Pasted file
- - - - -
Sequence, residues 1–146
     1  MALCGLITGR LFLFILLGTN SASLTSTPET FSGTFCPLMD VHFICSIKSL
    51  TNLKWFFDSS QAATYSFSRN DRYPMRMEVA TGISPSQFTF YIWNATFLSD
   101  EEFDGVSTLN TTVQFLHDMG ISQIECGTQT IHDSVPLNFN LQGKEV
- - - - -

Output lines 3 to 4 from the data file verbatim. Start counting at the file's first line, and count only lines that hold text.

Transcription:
    51  TNLKWFFDSS QAATYSFSRN DRYPMRMEVA TGISPSQFTF YIWNATFLSD
   101  EEFDGVSTLN TTVQFLHDMG ISQIECGTQT IHDSVPLNFN LQGKEV